[test.user@cstl001 hello_world]$ squeue
       143_[15-64]       all    hello test.use PD       0:00      4 (Resources)
            143_14       all    hello test.use  R       0:00      4 cst[001-004]
            143_10       all    hello test.use  R       0:02      4 cst[005-008]
            143_11       all    hello test.use  R       0:02      4 cst[005-008]
             143_1       all    hello test.use  R       0:07      4 cst[001-004]

IDs and Variables

Each iteration in an array assumes its own job ID in Slurm. However, Slurm creates two new environment variables that can be used in the script in addition to SLURM_JOB_ID storing the particular iteration’s job ID.

SLURM_ARRAY_JOB_ID stores the value of the parent job submission – i.e. the ID reported in the output from sbatch when submitted.

SLURM_ARRAY_TASK_ID stores the value of the array index.

Additionally, when specifying a job’s STDOUT and STDERR files using the -o and -e directives to sbatch, the reference %A will take on the parent job ID and the reference %a will take on the iteration index. In summary:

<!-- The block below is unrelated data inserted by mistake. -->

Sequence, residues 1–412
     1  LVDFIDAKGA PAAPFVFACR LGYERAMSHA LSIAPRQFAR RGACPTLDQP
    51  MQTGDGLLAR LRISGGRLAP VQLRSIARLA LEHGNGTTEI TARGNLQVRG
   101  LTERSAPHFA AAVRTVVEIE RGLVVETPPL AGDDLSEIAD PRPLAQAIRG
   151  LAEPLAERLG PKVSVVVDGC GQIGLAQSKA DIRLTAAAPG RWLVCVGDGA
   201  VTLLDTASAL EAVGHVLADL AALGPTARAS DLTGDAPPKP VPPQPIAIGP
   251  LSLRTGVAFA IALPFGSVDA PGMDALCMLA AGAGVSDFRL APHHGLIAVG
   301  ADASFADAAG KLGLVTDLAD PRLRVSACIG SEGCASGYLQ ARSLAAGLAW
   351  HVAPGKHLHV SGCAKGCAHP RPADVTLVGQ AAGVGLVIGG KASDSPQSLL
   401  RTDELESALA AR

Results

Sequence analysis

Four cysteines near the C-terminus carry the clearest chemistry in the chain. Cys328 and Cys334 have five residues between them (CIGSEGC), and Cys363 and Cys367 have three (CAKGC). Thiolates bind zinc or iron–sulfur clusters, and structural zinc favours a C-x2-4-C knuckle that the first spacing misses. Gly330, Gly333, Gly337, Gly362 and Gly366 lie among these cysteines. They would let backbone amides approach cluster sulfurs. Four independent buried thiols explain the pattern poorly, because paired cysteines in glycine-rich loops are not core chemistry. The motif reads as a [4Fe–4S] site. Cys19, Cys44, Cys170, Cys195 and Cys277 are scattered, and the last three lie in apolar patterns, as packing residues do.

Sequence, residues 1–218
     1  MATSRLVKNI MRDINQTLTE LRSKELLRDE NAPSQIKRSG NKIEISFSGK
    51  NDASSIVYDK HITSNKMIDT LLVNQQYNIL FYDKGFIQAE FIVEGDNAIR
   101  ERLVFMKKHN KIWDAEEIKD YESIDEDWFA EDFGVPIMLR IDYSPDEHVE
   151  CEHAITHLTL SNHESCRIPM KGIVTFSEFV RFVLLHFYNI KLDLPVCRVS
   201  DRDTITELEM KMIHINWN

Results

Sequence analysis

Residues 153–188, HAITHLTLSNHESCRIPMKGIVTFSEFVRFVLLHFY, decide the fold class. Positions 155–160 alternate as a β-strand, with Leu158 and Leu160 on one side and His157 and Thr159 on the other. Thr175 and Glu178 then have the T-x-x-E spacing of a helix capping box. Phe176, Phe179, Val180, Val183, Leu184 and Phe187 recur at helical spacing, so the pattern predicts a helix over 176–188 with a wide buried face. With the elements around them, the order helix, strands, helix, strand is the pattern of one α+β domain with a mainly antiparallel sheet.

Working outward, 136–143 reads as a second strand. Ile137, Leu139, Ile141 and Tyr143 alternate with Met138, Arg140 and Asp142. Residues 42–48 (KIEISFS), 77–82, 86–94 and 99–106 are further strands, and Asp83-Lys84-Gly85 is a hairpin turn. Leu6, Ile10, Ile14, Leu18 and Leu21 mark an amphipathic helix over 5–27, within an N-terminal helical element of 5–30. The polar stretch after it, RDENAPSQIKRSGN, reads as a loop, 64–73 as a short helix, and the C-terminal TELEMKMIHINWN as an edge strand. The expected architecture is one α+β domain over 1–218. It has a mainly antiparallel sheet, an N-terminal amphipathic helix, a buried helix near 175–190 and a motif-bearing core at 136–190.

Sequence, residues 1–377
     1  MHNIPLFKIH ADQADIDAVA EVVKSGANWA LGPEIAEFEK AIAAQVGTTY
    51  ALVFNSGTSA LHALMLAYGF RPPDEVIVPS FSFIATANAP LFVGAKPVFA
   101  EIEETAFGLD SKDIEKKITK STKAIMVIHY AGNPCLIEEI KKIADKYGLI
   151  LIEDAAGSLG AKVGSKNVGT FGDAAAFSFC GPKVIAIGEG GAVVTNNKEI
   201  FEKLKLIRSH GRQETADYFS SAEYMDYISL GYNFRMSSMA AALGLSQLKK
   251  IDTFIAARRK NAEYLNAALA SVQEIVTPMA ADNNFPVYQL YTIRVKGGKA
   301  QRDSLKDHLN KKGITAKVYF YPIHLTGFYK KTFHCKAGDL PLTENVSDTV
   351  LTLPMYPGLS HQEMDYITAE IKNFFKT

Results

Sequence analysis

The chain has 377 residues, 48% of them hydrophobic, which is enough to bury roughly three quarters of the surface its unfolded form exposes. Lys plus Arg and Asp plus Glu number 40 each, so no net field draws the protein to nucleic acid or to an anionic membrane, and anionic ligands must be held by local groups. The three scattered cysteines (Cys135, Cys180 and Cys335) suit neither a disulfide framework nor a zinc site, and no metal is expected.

BASH Environment VariableSBATCH Field CodeDescription
$SLURM_JOB_ID%JJob identifier
$SLURM_ARRAY_JOB_ID%AArray parent job identifier
$SLURM_ARRAY_TASK_ID%aArray job iteration index
$SLURM_ARRAY_TASK_COUNTNumber of indexes (tasks) in the job array
$SLURM_ARRAY_TASK_MAXMaximum array index
$SLURM_ARRAY_TASK_MINMinimum array index

And so, with this example script:


#SBATCH -J arraytest
#SBATCH --array=0-4
#SBATCH -o output-%A_%a-%J.o
#SBATCH -n 1


We can submit the script:
[test.user@cstl001 sbatch]$ sbatch 
Submitted batch job 231

Resulting in the following output files:

Each iteration of which contained variables as follows:





More advanced job array information is available in the Slurm documentation here.


Task Geometry

If you need to run an MPI (/OpenMP) task that requires a custom task geometry, perhaps because one task requires a larger amount of memory than the others, then this can easily be achieved with Slurm.